So the SWFs are in a quandary: the IMF forecasts that public debt levels in the US and other developed economies in Europe and Japan will rise to 117 per cent of their combined GDP, while in Asia and emerging markets, public debt levels are only 47 per cent of GDP. Like anything that suddenly becomes common, the more bonds a country sells, the less people think they are worth. To sell $1bn in bonds, you have to offer them a higher interest rate, or yield. And, of course, the more you borrow and the higher your interest payments, the more worried people get that you won't be able to pay them back. You have to promise them an even higher yield to compensate for that risk.
The US government's yields have not risen. For one, investors worried about the state of the global economy were too scared to invest in anything else. The US government has traditionally been considered the safest borrower on the planet. Plus, there are so many US bonds out there that if you buy them, you can be pretty sure you can sell them if you need cash fast. They are "liquid". Since the crisis struck, though, the US Treasury has also been able to count on loans from the Federal Reserve, which is determined to keep interest rates low to stimulate the economy. The Fed cannot print dollars, but it can conjure them as if by magic just by buying bonds from the US Treasury. So far, the Fed has snapped up about $220bn worth of US bonds, pumping imaginary dollars to the US government to help the economy and bail out companies such as GM. The Treasury has also found a ready new source of demand in the American public, which thanks to the recession is saving money like it never did before.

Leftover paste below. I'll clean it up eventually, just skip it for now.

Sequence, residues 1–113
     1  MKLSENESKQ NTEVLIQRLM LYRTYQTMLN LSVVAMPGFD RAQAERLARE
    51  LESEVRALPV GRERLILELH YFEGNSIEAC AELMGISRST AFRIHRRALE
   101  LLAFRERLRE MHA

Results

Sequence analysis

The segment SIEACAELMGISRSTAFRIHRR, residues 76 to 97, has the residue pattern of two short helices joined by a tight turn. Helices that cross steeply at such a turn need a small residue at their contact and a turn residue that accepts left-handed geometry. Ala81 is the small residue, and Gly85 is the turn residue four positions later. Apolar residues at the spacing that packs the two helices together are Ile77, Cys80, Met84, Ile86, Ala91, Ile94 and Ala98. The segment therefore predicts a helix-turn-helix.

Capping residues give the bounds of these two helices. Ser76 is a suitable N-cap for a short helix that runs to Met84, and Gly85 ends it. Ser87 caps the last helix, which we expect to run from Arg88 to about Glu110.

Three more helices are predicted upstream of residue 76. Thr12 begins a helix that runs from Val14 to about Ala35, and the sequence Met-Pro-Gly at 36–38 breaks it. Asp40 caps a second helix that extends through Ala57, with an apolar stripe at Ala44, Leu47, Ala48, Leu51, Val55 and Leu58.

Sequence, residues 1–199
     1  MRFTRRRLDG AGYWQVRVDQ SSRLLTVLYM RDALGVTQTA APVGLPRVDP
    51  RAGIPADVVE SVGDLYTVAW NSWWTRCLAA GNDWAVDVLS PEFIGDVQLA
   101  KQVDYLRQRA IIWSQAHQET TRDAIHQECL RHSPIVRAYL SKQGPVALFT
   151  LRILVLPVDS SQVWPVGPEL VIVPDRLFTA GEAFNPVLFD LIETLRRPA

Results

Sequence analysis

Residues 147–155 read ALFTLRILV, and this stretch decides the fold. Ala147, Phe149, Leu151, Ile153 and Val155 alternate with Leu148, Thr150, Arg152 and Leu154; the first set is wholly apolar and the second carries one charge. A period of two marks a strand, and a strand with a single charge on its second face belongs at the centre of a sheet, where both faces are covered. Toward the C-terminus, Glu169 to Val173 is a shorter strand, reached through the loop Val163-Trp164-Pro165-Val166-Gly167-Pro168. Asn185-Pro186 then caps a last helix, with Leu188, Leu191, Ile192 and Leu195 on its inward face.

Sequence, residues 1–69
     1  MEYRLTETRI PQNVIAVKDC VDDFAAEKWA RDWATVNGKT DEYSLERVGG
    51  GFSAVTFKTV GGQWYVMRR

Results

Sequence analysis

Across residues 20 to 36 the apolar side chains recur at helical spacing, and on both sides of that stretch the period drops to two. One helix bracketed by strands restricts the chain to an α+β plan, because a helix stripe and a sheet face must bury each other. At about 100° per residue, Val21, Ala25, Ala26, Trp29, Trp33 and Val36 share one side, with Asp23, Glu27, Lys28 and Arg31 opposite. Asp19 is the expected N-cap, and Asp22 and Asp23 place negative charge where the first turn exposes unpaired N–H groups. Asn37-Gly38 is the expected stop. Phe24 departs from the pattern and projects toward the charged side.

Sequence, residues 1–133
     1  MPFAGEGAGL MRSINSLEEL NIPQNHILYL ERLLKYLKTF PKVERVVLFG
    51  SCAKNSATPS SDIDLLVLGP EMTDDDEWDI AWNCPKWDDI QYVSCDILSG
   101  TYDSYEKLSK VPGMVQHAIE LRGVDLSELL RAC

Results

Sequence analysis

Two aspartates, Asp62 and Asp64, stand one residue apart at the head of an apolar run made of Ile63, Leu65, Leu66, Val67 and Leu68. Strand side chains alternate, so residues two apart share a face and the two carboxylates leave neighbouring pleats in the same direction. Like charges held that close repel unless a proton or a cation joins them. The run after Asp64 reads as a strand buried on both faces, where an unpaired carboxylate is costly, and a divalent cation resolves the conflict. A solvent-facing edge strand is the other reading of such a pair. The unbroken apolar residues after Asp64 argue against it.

But printing imaginary dollars and issuing bonds like confetti makes America's foreign creditors in Asia and the Gulf uneasy. Because most foreign trade is conducted in US dollars, exporting nations tend to squirrel away their dollars in case the flow of money suddenly reverses and they need boatloads of dollars in a hurry. Big exporters such as China and Abu Dhabi also tend to amass more reserves than they really need to keep their own currencies from rising with their trade surpluses, thereby eroding the competitiveness of their exports. China recently announced that in spite of the global recession its own foreign-currency reserves had risen to more than $2tn.